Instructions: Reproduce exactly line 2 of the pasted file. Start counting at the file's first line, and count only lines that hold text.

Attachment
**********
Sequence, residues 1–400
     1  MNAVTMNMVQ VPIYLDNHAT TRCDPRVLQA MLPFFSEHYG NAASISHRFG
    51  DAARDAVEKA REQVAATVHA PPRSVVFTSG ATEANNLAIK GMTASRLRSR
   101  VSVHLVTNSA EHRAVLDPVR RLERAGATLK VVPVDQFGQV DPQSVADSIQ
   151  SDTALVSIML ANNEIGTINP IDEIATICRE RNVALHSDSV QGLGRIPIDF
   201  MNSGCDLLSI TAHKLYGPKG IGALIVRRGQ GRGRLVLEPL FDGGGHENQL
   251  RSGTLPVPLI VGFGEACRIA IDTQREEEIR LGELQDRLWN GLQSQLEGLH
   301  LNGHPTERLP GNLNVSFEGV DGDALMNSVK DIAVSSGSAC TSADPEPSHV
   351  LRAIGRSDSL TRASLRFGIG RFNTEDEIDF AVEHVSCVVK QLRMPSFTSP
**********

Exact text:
     1  MNAVTMNMVQ VPIYLDNHAT TRCDPRVLQA MLPFFSEHYG NAASISHRFG